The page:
Many young companies think that they already have an accountant and hence do not need a CFO.
We argue that the role of Chief Financial Officer has to be forward looking contrary to accounting perspective which is often backward looking. In addition, in these fast-changing times, the role of Chief Financial Officer has evolved from not just doing a typical CFO job but to assist the CEO in understanding both financial and non-financial metrics.
Our team comprising young as well as experienced finance professionals in Life Sciences, is adapted to the needs of young companies, which is reflected in the following functions.
Managing Risks and Uncertainties
Most of the time, managers seem to underestimate risks or shy away from dealing with it. There are several reasons for that. One of them is the inherent cognitive biases that we all carry on our day to day lives. This leads to distortion of outcomes when the managers make decisions under high uncertainty as they tend to make strategies that are favorable to them. No wonder every entrepreneur considers his product to be the best.
Second, we as humans fail to understand probabilities that we argue to be one of the great tools to manage uncertainty. In order to help CEO get a grip on uncertainty, we at Farmantra deploy several tools such as Decision trees, simulations and others to understand the range of outcomes whether it’s the question of how much money to raise for the clinical trials or the product needs to be built or licensed or the product needs to go through medtech route or therapeutic route.
As Warren Buffett says, capital allocation is one of the most important tasks of a CEO, yet almost none of the people who rise to be CEOs are trained for it.
Every company goes through a life cycle and based on the stage; the CEO needs to identify the right capital structure. There have been several instances of young biotechs leveraging itself with soft loans to such an extent that they end up filing bankruptcy proceedings. We assist the CEO in making optimal decision in deploying and raising its capital.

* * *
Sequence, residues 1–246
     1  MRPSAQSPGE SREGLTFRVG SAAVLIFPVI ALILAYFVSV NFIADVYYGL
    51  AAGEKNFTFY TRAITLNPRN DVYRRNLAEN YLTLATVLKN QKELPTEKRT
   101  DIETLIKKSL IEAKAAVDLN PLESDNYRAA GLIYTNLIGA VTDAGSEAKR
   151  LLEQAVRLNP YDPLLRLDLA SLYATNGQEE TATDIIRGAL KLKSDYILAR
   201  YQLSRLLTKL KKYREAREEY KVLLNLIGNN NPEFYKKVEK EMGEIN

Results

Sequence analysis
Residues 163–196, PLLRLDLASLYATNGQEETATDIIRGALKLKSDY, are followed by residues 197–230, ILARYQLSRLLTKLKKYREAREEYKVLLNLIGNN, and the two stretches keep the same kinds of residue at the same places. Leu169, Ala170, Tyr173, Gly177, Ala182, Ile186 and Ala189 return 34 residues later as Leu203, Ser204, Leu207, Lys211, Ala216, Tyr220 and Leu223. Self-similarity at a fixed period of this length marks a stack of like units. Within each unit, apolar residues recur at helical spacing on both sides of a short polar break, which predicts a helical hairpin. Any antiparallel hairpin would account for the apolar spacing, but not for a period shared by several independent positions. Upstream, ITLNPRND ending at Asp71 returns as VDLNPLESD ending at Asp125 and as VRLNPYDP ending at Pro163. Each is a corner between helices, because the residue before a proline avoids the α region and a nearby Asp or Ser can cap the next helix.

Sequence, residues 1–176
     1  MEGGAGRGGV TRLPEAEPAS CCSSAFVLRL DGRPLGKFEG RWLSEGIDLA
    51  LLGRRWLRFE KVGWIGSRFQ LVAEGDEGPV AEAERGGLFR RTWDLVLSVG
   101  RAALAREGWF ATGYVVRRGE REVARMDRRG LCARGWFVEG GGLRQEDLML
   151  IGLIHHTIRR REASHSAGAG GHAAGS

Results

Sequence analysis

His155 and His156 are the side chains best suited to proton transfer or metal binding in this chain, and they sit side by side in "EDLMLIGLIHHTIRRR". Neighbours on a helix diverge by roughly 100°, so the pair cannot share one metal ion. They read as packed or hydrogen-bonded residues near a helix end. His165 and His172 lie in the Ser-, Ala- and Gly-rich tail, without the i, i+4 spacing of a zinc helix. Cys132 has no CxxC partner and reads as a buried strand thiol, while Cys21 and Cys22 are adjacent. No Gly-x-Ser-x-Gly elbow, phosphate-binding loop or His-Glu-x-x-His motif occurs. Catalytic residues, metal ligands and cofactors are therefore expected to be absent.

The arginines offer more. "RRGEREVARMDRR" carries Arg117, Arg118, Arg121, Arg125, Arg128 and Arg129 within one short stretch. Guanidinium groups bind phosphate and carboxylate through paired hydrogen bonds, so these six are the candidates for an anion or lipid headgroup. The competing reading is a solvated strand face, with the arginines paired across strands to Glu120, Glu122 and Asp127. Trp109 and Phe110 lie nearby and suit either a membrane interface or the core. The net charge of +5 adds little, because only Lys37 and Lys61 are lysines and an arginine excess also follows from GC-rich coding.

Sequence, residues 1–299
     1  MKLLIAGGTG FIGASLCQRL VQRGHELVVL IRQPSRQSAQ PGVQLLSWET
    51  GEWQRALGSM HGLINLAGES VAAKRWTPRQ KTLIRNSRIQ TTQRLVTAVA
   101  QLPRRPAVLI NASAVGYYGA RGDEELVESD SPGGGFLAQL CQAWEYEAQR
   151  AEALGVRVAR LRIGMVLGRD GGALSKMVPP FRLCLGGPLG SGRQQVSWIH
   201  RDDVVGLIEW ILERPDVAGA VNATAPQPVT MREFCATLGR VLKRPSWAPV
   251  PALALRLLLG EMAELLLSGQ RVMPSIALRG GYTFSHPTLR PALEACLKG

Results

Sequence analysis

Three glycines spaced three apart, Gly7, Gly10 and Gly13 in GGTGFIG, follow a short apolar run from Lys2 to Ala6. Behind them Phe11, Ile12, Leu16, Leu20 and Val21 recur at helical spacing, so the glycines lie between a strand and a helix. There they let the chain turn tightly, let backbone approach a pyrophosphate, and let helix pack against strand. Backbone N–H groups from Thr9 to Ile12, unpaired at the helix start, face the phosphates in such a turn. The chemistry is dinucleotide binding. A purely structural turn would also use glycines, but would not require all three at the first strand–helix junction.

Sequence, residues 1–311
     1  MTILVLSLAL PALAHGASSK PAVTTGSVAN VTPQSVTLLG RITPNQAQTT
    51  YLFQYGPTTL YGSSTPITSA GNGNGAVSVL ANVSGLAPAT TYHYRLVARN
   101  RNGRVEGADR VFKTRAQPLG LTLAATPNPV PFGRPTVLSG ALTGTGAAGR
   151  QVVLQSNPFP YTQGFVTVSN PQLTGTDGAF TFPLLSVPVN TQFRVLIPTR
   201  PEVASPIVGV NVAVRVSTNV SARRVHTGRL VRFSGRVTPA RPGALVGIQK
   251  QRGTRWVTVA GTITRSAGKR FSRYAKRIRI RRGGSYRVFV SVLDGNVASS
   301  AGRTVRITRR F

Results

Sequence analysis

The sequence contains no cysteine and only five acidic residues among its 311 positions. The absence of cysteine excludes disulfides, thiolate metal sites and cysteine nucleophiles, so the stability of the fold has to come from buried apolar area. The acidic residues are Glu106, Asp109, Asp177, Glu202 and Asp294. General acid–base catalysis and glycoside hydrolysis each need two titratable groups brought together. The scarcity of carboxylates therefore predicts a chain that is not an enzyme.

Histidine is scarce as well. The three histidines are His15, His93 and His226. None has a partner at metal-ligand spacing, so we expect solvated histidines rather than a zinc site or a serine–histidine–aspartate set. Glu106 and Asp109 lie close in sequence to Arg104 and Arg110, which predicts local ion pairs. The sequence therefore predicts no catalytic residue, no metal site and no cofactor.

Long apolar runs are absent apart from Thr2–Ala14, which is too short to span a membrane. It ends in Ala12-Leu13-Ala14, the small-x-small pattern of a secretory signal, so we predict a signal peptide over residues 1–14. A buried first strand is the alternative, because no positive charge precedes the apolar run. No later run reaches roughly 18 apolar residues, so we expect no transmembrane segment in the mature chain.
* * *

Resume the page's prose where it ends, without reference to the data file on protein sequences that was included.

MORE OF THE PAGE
Instead of suggesting how we build strategies, it’s easy to see in terms of questions for which we provide solutions:
- Should we build or license?
- Should we accept the right of first refusal/offer option for our product? How do we evaluate the risks and rewards of those offers?
- We are a one product company, but we would like to add another pipeline of products. How do we evaluate the risks and rewards of doing so?
- I have the technology that could go through medtech route or classical therapeutic route, which one would I choose and how?
- How do we manage the risks if the results of the clinical trials are negative?
- Many others
- Strategic Planning
Although neglected by many young firms, a good forecasting is very important to have strong governance. This reflects management as well as Investors’ expectation regarding how well the team is able to forecast and manage the cash.
Our financial reporting every quarter encapsulates companies’ strategies than just the accounting numbers. We benchmark companies with their competitors to understand where they are in the value chain, where they would be in 5 years, how the company is performing based on KPIs set by the board members? This report helps the BODs to ask tough questions to the CEO and the management team and make sure that company is on the right path.
In addition, we provide a cue to the board and the management the cash burn rates, the cash available, cap tables and several other parameters required for providing a solid corporate governance